The child has a basic understanding of fairness and equality. If they want their own life protected, why not that of another? This truth becomes more difficult to see in adulthood, due again to the unwanted association, which may in fact be handed down through family tradition.

3. Have natural affinity for God

Play a bhajana glorifying the Supreme Personality of Godhead, and a child might dance along. They get a big smile on their face hearing someone describe the gunas, or transcendental qualities, belonging to the most fortunate one, Bhagavan.

In an amazing case, a baby barely nine months old shows that their favorite internet video is of a Vaishnava describing the chatuh-shloki of the Shrimad Bhagavatam. Not talking animals. Not song and dance of nursery rhymes. A lecture on the four verses which summarize the ripened fruit of Vedic literature, accurately describing God’s position with respect to this world and its population.

[Radha-Krishna altar]When taken into a house of worship the child seems to have an inherent understanding of the nature of the area. They see an altar where God in a transcendental form, archa-vigraha, gets worshiped and they immediately have some respect. When they just learn how to talk and verbalize their visual identifications, they tell others, “This is Bhagavan-ji. We should pay respect.”

No one has to teach them. The intelligence is already there. From the Bhagavad-gita, we know that the Supersoul is the invisible factor. He is in the background, providing both memory and forgetfulness.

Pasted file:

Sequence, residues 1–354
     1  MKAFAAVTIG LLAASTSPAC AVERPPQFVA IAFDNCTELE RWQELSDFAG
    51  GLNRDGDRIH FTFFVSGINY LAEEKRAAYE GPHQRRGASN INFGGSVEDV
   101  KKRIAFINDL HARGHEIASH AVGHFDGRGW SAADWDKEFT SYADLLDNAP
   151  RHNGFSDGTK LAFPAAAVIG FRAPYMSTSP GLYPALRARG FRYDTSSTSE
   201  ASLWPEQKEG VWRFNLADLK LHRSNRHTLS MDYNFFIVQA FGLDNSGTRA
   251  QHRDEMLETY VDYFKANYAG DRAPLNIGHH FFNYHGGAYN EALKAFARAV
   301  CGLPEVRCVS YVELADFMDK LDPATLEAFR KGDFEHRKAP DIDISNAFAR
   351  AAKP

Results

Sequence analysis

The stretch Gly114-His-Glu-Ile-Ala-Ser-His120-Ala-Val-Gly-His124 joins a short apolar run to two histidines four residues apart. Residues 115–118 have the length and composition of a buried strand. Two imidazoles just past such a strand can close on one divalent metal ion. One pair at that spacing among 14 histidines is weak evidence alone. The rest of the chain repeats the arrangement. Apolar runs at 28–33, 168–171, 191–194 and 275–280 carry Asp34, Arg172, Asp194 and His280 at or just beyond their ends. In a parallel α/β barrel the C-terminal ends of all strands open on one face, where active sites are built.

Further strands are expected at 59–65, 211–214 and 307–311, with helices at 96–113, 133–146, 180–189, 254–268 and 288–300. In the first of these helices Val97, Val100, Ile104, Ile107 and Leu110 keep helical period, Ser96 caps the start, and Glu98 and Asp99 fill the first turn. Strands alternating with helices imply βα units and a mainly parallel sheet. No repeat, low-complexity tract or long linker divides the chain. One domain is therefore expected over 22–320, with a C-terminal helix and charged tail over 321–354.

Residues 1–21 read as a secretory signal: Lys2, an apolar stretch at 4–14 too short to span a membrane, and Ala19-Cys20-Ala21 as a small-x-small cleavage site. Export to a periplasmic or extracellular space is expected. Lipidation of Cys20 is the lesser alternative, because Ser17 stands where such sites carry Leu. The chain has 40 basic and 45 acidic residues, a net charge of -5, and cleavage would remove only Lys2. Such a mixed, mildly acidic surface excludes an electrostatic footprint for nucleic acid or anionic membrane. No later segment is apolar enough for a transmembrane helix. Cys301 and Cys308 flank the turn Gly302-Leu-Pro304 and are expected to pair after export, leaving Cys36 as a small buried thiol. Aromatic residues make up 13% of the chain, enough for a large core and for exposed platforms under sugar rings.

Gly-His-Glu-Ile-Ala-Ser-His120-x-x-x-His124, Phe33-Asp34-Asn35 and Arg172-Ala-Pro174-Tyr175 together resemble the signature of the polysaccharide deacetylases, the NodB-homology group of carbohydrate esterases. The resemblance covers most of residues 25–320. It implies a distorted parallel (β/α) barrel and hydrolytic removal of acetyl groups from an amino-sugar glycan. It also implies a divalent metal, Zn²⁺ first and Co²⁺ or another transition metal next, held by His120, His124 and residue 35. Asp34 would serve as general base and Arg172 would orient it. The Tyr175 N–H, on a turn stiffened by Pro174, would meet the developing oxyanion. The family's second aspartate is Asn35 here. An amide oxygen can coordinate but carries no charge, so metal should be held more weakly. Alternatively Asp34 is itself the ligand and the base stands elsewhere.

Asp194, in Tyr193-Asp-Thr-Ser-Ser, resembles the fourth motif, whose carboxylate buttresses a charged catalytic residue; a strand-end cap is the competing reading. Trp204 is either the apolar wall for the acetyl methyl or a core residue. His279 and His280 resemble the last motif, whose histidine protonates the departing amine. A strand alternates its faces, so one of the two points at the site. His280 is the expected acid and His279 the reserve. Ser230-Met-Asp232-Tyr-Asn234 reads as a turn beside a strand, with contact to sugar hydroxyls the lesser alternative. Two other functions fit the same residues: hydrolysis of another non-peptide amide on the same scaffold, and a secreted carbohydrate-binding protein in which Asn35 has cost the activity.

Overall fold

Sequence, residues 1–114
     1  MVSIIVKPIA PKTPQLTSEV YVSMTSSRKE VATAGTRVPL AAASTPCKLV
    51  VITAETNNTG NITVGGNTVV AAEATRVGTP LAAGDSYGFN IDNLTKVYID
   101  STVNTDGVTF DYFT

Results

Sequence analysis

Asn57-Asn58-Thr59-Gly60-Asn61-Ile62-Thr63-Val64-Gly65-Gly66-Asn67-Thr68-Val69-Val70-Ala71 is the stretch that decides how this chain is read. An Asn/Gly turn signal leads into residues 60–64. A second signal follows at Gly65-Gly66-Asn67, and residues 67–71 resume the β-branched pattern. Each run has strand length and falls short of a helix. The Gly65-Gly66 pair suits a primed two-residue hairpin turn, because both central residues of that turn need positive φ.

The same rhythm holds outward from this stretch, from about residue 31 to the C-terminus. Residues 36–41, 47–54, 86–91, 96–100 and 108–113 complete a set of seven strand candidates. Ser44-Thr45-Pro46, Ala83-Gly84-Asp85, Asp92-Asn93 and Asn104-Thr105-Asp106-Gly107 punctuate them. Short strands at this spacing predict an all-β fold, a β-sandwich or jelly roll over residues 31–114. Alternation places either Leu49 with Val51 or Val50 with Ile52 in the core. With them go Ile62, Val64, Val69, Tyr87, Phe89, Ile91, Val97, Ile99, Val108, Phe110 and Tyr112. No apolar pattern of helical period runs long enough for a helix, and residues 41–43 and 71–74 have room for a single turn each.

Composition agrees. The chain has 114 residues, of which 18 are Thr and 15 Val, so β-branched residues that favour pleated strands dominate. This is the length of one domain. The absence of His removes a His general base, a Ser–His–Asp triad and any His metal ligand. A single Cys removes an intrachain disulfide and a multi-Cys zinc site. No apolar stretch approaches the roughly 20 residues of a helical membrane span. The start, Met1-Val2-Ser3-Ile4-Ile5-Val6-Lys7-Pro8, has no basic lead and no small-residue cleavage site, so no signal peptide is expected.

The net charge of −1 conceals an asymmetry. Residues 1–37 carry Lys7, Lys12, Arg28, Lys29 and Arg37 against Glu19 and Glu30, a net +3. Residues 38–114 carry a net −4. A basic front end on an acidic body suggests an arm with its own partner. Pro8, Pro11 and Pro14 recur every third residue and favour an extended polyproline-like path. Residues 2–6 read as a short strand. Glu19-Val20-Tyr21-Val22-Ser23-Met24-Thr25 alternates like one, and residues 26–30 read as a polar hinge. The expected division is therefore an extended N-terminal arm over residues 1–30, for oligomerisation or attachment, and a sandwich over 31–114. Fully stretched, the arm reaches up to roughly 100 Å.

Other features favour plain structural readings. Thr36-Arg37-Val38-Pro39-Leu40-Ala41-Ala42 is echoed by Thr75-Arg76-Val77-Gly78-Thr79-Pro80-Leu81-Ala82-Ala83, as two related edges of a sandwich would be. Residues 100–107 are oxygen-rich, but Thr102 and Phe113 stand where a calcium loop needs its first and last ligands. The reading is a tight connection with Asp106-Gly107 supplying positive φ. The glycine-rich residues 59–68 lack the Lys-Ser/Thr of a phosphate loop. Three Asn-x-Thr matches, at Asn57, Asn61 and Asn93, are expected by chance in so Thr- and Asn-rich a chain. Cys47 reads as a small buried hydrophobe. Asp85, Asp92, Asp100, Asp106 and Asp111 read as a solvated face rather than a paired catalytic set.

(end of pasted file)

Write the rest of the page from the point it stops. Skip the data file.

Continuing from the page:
सर्वस्य चाहं हृदि सन्निविष्टो
मत्तः स्मृतिर् ज्ञानम् अपोहनं च
वेदैश् च सर्वैर् अहम् एव वेद्यो
वेदान्त-कृद् वेद-विद् एव चाहम्

sarvasya cāhaṁ hṛdi sanniviṣṭo
mattaḥ smṛtir jñānam apohanaṁ ca
vedaiś ca sarvair aham eva vedyo
vedānta-kṛd veda-vid eva cāham

“I am seated in everyone’s heart, and from Me come remembrance, knowledge and forgetfulness. By all the Vedas am I to be known; indeed I am the compiler of Vedanta, and I am the knower of the Vedas.” (Lord Krishna, Bhagavad-gita, 15.15)

4. Unconditional love

The child shows unconditional love. They are not afraid to share their preferences. They cry for their mother as if they wouldn’t survive without the association. They insist that their best friend sit next to them while eating. They greet the father with a beaming smile in the morning. They don’t require much; just that the loved ones stay nearby.

In adulthood the same heart becomes hardened. Placed on guard due to bad experiences, the same sentiment lies deep within, though. This is due to the link to the Supreme Lord. The dharma of the individual, who is spirit soul, is to serve in love. This is the only way to true bliss, ananda, which is the reason for living.

In adulthood the way to unlock the enthusiasm and hope of the early years is through the association of the spiritual master. The guru shows the way towards eternal life in bliss. He reveals that the soul is meant to love God. This trait can never be acquired and neither can it be removed. It is as eternal as the living being.

Bhagavan is the ideal recipient of that love, and through steady practice in bhakti-yoga the spontaneous attachment gets revived. Something as basic as chanting the holy names can remove the unwanted habits and sentiments acquired during the difficult journey through life: Hare Krishna Hare Krishna, Krishna Krishna, Hare Hare, Hare Rama Hare Rama, Rama Rama, Hare Hare.

In Closing:

My child most amazing to see,

That actually teaching me.

When Bhagavatam verses to hear,

Towards television going near.

As if knowing all along,

Dancing to devotional song.

Of unwanted habits no need,

Way for every soul to proceed.